Cardinals’ Kliff Kingsbury stands by failed 4th-and-1 attempt
The decision by Arizona Cardinals head coach Kliff Kingsbury to go for it on 4th-and-1 in a loss to the Saints on Sunday drew criticism and sparked debate.
The Cardinals, trailing just 10-6 to a one-loss New Orleans team, had the ball in the third quarter on their own 30-yard-line. Arizona went for it, electing not to punt and instead hand off to running back Chase Edmonds, who was stuffed and didn’t get the first down.
The Saints got the ball back in Arizona territory and took it the other way on five plays for a touchdown drive, making it 17-6.
“Would I take it back? No, I would’ve called a play that worked,” Kingsbury said in his press conference on Monday.
If Kingsbury didn’t show regret, neither did quarterback Kyler Murray.
“We just didn’t execute,” Murray said. “We had to get a yard, and we didn’t.”
Kingsbury, while joining Bickley & Marotta on 98.7 FM Arizona’s Sports Station, said, “That was the call and it didn’t work out.”
Arizona also couldn’t convert on the previous play on 3rd-and-1.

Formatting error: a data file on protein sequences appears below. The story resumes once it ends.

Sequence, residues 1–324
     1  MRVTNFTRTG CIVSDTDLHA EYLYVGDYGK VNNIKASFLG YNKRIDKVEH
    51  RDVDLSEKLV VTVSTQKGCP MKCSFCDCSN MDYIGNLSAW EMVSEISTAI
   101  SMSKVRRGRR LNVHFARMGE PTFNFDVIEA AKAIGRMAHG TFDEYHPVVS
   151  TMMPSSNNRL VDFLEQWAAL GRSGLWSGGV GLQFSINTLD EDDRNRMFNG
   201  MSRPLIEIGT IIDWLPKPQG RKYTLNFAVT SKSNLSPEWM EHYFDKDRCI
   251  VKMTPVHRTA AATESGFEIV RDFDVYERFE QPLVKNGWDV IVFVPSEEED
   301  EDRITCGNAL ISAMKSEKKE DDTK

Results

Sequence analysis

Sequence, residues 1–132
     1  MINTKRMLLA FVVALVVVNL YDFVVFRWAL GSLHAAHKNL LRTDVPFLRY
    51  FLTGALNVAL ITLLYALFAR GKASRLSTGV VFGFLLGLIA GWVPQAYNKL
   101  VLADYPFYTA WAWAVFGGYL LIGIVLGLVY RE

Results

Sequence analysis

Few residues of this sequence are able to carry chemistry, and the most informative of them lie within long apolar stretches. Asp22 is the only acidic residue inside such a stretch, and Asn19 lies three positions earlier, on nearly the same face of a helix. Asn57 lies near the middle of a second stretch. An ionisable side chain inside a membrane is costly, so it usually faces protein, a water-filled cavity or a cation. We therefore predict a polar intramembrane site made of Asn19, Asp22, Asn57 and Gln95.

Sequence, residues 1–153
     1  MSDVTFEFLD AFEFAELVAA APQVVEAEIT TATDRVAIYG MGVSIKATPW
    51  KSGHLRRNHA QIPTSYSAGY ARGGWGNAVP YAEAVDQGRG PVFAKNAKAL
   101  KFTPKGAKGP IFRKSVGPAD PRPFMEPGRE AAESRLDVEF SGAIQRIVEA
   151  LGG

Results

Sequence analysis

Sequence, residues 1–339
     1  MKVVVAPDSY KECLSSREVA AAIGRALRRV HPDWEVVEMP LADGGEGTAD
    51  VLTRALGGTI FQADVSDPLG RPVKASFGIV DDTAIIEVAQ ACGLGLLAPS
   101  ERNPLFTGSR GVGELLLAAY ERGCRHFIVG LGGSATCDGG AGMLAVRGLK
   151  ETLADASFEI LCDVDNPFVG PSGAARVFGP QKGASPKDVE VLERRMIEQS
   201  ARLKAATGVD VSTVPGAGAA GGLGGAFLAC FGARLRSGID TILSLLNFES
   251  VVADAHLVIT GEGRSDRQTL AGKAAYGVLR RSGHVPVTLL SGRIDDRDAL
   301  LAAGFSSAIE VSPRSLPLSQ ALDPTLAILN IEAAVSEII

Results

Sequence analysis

“I thought we had a good chance to get it, basically,” Kingsbury initially said after the game. “That is a very good offense and they were moving the ball well and felt at that point after getting the turnover, we had to make something happen. Unfortunately, it did not work out.
“The analytics plus myself, I was all for that. We had two shots to get half a yard and we didn’t get enough.”
The case for Kingsbury’s decision was that the Cardinals were underdogs against the Saints and could’ve kept the drive alive at a time when they were down by less than a touchdown. Aggressive play-calling and high-risk, high-reward decisions might’ve been the difference had Arizona been able to generate offense.
Instead, the failed 4th-and-1 call and zero touchdowns on the day were part of what ended the Cardinals’ three-game win streak against New Orleans, which is now 7-1.
NFL Network analyst Steve Wyche was critical of the call when he joined Bickley & Marotta.
“In real time, it was like, ‘Now’s not the time, it’s a close game, your defense is keeping them out of the end zone. Don’t give them a shot for Drew Brees to get rolling,'” Wyche said. “The Saints offense was working, they just weren’t scoring. So the red zone defense the Cards were playing the first half was excellent, especially for as much as the Saints had the ball. And when they got stuffed, I was like, ‘It’s over. It’s over.’
“Arizona was not doing anything against that defense. And you just gifted Drew Brees — you just kind of broke the dam for him right there by making that play.”